Note: Your results may vary given the stochastic nature of the algorithm or evaluation procedure, or differences in numerical precision. Consider running the example a few times and compare the average outcome.

You may see some warnings that you can safely ignore, such as:

We can see that for some algorithms, the test harness over-estimates the accuracy compared to LOOCV, and in other cases, it under-estimates the accuracy. This is to be expected.

At the end of the run, we can see that the correlation between the two sets of results is reported. In this case, we can see that a correlation of 0.746 is reported, which is a good strong positive correlation. The results suggest that 10-fold cross-validation does provide a good approximation for the LOOCV test harness on this dataset as calculated with 18 popular machine learning algorithms.

Finally, a scatter plot is created comparing the distribution of mean accuracy scores for the test harness (x-axis) vs. the accuracy scores via LOOCV (y-axis).

A red line of best fit is drawn through the results showing the strong linear correlation.

Scatter Plot of Cross-Validation vs. Ideal Test Mean Accuracy With Line of Best Fit

Scatter Plot of Cross-Validation vs. Ideal Test Mean Accuracy With Line of Best Fit

This provides a harness for comparing your chosen test harness to an ideal test condition on your own dataset.

Further Reading

This section provides more resources on the topic if you are looking to go deeper.





In this tutorial, you discovered how to configure and evaluate configurations of k-fold cross-validation.

Specifically, you learned:

  • How to evaluate a machine learning algorithm using k-fold cross-validation on a dataset.
  • How to perform a sensitivity analysis of k-values for k-fold cross-validation.
  • How to calculate the correlation between a cross-validation test harness and an ideal test condition.

Do you have any questions?
Ask your questions in the comments below and I will do my best to answer.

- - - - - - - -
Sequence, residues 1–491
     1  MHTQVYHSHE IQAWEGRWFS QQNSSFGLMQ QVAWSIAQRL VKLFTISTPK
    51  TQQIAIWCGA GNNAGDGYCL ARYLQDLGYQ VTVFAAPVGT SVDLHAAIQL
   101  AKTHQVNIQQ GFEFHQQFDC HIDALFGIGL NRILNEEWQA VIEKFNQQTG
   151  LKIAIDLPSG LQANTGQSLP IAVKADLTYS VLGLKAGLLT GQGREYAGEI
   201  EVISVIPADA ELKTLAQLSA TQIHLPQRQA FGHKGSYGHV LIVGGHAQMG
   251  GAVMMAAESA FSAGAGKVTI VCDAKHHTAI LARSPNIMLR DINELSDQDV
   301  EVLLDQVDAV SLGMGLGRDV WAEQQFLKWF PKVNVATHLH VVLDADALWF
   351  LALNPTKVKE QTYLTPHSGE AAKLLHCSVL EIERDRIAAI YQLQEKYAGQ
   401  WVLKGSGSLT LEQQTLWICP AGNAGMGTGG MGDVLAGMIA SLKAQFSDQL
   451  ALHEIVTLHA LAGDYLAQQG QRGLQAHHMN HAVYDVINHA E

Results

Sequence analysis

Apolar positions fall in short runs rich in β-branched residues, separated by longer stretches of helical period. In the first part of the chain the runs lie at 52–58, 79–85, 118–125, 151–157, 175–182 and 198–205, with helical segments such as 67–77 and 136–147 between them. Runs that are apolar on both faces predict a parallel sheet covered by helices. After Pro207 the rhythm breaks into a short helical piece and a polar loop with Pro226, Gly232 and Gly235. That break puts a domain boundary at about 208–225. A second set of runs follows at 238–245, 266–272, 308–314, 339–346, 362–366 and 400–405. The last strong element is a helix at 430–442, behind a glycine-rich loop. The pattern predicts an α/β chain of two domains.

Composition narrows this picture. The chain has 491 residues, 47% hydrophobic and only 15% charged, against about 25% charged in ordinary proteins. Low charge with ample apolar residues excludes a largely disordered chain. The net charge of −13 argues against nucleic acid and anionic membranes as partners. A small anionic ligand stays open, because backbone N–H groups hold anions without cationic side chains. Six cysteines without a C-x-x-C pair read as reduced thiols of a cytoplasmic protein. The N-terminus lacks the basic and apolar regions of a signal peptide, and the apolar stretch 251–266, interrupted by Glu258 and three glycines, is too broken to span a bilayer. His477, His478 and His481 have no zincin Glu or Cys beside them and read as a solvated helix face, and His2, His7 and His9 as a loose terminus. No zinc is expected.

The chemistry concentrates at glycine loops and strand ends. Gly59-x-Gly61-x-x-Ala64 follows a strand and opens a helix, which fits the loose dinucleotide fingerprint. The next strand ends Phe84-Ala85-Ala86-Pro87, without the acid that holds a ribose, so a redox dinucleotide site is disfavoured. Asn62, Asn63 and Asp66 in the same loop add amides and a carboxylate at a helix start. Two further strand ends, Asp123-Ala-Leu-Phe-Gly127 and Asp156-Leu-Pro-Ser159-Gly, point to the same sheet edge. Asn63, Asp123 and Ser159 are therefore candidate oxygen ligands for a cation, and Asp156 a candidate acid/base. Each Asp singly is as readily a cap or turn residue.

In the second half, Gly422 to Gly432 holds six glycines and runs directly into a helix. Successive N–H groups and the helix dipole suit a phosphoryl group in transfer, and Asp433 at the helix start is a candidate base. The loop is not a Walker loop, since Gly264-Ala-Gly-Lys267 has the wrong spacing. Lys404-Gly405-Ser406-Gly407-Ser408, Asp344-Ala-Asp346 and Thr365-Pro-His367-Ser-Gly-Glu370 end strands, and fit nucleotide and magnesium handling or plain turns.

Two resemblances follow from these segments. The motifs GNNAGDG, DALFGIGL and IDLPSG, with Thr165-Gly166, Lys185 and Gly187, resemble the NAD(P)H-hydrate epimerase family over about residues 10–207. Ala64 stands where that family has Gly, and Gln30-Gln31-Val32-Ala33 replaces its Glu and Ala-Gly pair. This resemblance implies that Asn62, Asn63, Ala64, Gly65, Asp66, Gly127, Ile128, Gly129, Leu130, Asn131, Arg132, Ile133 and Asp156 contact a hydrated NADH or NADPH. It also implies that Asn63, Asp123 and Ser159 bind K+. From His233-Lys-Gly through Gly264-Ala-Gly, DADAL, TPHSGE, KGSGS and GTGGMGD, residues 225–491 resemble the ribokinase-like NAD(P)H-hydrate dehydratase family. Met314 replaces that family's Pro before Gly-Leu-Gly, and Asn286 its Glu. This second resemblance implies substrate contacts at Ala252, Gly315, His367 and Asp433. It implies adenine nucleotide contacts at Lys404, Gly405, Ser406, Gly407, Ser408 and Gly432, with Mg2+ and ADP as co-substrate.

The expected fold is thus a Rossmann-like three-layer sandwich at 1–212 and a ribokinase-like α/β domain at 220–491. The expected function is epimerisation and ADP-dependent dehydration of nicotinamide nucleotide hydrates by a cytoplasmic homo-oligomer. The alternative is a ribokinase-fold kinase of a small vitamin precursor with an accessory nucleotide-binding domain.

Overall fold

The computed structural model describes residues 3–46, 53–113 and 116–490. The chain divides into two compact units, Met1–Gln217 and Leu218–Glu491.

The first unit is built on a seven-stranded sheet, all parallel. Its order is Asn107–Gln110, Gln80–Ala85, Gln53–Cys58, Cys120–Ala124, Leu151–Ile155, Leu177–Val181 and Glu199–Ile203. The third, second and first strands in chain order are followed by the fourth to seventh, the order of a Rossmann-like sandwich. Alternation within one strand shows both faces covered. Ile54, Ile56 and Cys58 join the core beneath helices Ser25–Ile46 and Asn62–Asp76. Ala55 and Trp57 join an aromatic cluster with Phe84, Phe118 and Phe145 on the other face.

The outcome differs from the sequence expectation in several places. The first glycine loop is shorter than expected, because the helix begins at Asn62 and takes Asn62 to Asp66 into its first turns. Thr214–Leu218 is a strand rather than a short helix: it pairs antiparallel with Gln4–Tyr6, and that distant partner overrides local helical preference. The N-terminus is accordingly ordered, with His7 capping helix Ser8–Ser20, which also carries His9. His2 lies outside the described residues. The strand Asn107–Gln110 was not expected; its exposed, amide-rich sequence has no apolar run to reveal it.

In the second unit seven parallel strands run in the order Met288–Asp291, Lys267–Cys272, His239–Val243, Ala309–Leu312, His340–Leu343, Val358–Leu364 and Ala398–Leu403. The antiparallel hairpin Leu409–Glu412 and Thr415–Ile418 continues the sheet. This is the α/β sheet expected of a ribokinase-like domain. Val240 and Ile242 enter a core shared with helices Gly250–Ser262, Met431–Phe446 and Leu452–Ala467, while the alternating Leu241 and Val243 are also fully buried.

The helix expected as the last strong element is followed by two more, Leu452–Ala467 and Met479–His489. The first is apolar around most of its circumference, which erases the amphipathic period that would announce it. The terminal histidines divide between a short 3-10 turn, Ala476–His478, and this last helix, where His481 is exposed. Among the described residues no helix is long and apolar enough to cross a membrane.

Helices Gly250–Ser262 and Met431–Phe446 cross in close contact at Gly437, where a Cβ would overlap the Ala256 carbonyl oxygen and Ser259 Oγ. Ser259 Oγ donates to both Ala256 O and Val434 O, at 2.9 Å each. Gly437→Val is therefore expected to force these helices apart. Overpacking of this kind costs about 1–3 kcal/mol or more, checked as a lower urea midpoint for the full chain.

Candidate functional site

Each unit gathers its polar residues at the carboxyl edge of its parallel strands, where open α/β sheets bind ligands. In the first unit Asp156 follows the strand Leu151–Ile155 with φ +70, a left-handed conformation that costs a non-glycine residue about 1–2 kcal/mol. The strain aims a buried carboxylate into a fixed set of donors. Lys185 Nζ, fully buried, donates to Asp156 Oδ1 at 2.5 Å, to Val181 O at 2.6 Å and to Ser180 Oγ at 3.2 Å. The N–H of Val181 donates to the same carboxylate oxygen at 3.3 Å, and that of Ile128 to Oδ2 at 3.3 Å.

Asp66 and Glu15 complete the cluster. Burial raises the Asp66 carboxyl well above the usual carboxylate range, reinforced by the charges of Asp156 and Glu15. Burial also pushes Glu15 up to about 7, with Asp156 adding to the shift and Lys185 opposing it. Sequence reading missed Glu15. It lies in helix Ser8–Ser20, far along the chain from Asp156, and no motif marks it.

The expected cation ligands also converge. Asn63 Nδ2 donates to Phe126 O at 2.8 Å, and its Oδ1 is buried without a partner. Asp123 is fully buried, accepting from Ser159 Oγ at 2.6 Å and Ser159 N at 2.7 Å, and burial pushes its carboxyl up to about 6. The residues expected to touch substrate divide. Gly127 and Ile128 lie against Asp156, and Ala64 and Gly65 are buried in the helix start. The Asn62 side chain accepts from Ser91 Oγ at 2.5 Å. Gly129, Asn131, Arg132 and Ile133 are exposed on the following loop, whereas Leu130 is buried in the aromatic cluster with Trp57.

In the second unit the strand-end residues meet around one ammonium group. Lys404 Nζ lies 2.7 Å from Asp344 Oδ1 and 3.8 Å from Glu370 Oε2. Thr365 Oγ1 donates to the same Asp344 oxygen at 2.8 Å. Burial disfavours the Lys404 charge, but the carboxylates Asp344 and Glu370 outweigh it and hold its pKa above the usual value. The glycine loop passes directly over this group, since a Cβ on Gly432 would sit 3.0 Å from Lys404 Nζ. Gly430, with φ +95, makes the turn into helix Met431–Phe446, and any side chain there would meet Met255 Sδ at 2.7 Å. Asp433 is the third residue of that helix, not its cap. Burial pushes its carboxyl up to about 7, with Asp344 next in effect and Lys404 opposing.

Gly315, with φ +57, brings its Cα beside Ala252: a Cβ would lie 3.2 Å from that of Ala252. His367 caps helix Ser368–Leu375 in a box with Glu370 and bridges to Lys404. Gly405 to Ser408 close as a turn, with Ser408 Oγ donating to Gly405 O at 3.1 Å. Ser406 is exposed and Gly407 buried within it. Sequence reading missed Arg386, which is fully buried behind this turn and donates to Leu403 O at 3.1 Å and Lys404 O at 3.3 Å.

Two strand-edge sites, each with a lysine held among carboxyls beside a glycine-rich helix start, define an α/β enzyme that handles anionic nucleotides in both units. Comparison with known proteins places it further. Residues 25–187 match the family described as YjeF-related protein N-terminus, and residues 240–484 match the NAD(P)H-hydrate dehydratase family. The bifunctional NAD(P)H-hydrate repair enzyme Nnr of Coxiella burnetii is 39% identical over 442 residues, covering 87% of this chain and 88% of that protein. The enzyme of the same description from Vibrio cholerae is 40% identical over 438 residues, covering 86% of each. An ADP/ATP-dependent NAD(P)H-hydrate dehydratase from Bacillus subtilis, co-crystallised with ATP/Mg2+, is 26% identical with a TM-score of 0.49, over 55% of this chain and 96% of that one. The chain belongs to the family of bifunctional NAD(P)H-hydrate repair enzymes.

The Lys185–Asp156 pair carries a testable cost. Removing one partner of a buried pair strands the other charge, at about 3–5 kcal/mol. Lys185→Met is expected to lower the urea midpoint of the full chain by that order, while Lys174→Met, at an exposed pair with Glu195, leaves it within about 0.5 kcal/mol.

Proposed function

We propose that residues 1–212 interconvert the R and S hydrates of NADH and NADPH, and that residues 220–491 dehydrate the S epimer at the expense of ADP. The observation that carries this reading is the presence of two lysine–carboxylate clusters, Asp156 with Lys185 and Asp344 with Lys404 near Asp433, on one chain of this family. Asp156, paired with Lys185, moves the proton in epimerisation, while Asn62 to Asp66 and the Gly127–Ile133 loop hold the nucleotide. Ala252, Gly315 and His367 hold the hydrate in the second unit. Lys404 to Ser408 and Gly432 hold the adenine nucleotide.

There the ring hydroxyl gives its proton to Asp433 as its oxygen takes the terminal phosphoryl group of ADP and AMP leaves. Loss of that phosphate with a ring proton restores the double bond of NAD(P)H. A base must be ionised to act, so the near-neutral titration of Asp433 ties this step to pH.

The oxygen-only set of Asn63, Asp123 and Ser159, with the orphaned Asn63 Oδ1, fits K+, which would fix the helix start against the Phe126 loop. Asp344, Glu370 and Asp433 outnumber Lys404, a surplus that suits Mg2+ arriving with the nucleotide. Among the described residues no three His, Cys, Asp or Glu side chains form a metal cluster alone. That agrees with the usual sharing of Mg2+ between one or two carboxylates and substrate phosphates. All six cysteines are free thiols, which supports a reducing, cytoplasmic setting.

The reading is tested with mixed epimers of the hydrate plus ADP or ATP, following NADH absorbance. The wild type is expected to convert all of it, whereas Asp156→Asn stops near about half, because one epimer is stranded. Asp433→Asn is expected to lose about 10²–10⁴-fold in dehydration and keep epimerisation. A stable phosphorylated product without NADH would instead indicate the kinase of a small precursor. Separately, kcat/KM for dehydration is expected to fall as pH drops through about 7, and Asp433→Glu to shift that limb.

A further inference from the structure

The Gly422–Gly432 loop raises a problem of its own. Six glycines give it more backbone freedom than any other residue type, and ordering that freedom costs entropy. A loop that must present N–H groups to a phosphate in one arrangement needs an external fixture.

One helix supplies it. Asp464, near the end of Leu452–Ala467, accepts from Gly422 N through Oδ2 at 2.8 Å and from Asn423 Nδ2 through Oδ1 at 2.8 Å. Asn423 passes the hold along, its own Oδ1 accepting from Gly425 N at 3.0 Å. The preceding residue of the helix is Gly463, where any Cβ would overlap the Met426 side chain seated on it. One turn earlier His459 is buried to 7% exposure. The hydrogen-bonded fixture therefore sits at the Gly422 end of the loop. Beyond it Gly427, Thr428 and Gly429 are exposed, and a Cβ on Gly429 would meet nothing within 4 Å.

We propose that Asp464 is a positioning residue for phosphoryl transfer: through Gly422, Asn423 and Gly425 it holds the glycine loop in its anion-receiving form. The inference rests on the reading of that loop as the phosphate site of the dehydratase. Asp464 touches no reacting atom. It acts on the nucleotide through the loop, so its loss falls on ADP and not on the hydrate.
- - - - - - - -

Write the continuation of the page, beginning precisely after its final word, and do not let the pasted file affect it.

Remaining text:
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44 Responses to How to Configure k-Fold Cross-Validation

  1. Quentin Python July 31, 2020 at 5:29 pm #

    Once again, a very nice tutorial, thanks!

    However, when comparing the results of the kfold with differents n_splits values, I would highly suggest to use an other error than the one used here.
    The line of code is the line 52 in the box starting with “# sensitivity analysis of k in k-fold cross-validation”.
    Indeed, as you are currently using yerr=[mins, maxs], the size of the error bar tends to increase with the n_splits value, while I would argue it should actually tends to decrease. I think using something like yerr =[mean-std, mean+std] would be more appropriate. Let me know if you think I am mistaken.

  2. Mohamed August 1, 2020 at 6:34 pm #

    Is there a possibility to explain Reinforcement Learning?

  3. dexter August 5, 2020 at 12:02 pm #

    Hello Jason,

    This can be used for a time series approach like lstm?

  4. Anthony The Koala August 18, 2020 at 10:09 pm #

    Dear Dr Jason,
    In the last example, in addition to the mean of the model

    I also calculated the stddev of the ideal and cv scores.

    Summary of results and model based on min/max of the stddev and mean of ideal scores and cv scores

    It appears that the the SVC is the model of choice for maximum mean ideal of 0.9 and cv 0.80. The respective ideal stddev is 0.3 and 0.087.

    Based on the minimum variability of the cross validation score, KFold has the least variability of 0.087 compared to 0.3 for LOOCV.

    Therefore, for the dataset, SVC using KFold cross validation score is the choice.